Cues for review or revision – by Lisa Poisso…

It’s all too easy to overstuff your writing when you’re striving for a natural, unstrained tone. We lean on filler words in conversation to soften our speech and build connections, but these words don’t convey enough information to be effective in writing.

The internet is peppered with lists of “words to cut from your writing.” Unfortunately, if you don’t know why to avoid them or what to do instead, you could be wreaking havoc on your manuscript. Instead of considering these words red flags to delete carte blanche, look at them as opportunities for revision.

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10 thoughts on “Cues for review or revision – by Lisa Poisso…

  1. I liked this article but frowned at some of the words, “prohibited”. Not all. Lisa has a point. I know that I am guilty of using filler words. Very (*) guilty. I scanned a few highly (*) successful authors. Those that were once (*) journalists Graham Greene, Hemmingway et al. fared well. Others failed badly. I would assume that then they sold very few books….. Hmmm…… Stephen King, JK Rowling, John Grisham, Tom Clancey. All fared badly. I assume that they just did not know that they were not writing correctly.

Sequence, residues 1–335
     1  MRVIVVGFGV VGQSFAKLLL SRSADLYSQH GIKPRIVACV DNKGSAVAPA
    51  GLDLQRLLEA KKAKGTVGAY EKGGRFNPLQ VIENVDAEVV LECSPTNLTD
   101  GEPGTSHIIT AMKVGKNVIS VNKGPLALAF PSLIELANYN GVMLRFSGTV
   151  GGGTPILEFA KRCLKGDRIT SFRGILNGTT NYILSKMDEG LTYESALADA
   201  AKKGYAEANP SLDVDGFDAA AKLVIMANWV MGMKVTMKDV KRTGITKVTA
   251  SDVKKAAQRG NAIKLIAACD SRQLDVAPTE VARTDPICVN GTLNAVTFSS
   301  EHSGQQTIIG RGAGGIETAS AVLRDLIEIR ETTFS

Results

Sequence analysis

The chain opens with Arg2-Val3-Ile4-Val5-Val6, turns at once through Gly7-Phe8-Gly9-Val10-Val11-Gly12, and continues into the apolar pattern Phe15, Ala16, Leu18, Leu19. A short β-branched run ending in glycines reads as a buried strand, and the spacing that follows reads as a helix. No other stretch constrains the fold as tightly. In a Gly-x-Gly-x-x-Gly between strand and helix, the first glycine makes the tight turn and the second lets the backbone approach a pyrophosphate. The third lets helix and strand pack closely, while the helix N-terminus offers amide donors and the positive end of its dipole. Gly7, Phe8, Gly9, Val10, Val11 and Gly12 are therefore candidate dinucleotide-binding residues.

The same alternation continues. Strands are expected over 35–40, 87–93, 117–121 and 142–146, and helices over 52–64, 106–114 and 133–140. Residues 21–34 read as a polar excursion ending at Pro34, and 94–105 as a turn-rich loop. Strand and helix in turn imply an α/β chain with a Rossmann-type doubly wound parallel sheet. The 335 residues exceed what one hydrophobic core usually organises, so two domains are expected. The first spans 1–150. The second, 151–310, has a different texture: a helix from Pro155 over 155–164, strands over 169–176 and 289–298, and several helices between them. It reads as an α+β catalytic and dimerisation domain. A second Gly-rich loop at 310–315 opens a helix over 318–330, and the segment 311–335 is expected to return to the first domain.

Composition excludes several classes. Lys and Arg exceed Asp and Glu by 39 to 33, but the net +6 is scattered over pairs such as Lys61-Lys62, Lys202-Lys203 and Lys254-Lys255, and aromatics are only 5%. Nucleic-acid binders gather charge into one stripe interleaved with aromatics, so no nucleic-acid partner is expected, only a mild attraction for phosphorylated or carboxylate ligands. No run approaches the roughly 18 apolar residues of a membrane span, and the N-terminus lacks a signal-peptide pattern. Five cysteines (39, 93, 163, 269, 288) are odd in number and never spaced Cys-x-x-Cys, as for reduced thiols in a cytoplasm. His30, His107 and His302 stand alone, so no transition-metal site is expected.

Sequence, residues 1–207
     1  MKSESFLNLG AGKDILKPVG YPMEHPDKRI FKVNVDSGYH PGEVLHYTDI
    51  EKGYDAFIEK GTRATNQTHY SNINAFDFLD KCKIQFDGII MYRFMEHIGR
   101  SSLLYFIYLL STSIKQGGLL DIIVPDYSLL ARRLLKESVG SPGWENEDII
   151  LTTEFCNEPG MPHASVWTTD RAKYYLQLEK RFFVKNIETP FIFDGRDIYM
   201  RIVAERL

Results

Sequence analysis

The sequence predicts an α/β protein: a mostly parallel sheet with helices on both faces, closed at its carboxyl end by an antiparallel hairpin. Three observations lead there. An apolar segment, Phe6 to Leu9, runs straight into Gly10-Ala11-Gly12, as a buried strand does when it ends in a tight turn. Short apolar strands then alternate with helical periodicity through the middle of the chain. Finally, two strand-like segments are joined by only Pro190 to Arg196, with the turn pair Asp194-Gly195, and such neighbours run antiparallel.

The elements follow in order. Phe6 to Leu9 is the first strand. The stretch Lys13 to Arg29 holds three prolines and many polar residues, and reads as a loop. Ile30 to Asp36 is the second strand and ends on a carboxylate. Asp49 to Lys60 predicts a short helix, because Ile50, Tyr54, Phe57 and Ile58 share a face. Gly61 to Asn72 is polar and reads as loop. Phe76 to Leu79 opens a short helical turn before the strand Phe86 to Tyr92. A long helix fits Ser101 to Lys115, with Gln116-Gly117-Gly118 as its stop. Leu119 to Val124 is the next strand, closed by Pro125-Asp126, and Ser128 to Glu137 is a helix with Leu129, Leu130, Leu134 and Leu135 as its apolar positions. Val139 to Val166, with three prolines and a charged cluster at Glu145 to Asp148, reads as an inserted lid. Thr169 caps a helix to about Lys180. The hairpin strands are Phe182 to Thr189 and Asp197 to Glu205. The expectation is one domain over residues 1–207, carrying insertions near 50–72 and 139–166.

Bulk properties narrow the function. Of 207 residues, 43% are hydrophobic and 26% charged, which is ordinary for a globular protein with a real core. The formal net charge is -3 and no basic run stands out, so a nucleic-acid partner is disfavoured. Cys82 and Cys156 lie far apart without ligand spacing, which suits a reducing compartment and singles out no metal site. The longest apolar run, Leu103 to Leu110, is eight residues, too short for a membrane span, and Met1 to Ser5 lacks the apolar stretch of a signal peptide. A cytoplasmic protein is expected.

All joking aside (though the info given is correct) There is a point to this. Sometimes we just (*) add words that have no reason to be there. Lisa is right. Perhaps (*) not so strictly, not all writers wish to be journalists. Though it is worth noting that most journalists do indeed (*) wish to be writers.

    Liked by 1 person


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